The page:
It is two days later. Neither the Pedas brothers nor the Coen brothers have called us back, but Marilyn Weiner of Screenscope has. She and Hal will meet us for lunch to discuss our project. We arrive at Duke's amid a flurry of dark blue suits -- very expensive and very dark blue suits; the Mackinaw brothers are in their traditional costume of Lee shirts and jeans.

"I think senators eat here," says Perry. "Lots of them by the looks of the place."

"I thought they were voting to censure each other today," I say. We look like rats, but Duke Zeibert himself waves us through the heavy trees of blue wool to the Weiners' table. We introduce ourselves all around and sit down.

What has attracted us to the Weiners -- besides the obvious fact that they will talk to us -- is that of the film producers in Washington, they are among the few who do nothing else.

"That's the problem," says Hal when we ask him about it. "It's only us and maybe a few porno-producers who do nothing but make movies."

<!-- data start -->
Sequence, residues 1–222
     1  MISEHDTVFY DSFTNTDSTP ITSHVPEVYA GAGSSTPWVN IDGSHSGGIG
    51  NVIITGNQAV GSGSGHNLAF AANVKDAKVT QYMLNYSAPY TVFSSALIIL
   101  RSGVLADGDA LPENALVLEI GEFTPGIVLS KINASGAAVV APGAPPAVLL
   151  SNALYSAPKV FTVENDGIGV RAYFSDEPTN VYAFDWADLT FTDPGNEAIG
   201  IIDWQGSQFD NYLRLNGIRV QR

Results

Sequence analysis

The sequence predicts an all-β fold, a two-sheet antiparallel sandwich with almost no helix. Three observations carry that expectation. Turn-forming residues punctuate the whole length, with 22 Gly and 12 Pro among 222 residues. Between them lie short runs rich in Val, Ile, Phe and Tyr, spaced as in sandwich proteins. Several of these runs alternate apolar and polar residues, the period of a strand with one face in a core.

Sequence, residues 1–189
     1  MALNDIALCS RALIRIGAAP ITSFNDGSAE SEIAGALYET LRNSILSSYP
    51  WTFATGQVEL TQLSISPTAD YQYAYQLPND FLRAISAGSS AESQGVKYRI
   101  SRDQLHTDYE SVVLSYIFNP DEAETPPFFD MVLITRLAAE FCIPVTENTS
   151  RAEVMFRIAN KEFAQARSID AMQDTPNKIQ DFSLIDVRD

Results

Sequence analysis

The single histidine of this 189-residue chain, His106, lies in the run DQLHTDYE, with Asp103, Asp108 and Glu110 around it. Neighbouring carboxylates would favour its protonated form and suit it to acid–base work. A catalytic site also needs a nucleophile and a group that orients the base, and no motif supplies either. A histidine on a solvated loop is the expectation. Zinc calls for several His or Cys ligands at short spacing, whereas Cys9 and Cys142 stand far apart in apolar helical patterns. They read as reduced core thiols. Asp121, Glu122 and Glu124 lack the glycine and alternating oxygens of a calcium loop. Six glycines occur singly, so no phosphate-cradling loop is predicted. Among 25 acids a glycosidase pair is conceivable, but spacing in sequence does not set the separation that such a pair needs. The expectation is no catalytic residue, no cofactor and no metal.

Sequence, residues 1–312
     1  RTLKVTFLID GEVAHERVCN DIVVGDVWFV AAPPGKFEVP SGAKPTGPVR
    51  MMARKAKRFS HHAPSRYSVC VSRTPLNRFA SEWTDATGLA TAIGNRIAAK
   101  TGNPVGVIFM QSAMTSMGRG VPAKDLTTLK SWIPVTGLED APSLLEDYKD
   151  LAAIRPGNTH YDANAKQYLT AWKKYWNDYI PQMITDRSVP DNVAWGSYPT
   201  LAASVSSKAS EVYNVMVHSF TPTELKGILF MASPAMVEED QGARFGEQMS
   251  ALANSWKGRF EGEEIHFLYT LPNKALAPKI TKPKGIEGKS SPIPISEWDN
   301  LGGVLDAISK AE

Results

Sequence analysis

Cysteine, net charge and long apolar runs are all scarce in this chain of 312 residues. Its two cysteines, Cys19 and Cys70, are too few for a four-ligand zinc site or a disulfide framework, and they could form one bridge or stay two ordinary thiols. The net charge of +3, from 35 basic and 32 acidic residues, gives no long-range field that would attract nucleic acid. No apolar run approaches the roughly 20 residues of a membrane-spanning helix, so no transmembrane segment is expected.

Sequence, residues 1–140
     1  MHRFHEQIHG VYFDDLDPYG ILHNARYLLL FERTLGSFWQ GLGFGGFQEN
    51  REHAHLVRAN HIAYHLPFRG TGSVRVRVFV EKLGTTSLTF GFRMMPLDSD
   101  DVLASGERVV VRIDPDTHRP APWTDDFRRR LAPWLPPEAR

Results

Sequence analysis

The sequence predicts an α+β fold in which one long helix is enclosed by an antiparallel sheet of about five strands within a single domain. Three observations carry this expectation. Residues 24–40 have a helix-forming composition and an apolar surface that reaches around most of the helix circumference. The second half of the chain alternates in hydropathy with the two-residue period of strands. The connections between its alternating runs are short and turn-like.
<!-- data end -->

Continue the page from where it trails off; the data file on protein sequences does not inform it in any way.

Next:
Not that all their attention goes to producing the kind of feature film we want to make. Over the years they have done hundreds of educational and documentary films, nearly 25 a year for a while. But recently they've been more interested in doing feature-length films.

Their first such movie was "Family Business" (with Milton Berle), a made-for-television movie. Next came "The Imagemaker," a story about the less-than-wholesome relationship between the press and Washington politicians, directed by Hal Weiner himself. For a number of years now they've been trying to make "K2" (a story based on a play by Patrick Meyers about two climbers stranded on the world's second-highest mountain). They've signed British director Franc Roddam ("The Bride"), and will soon cast Michael Biehn ("The Terminator") in the lead.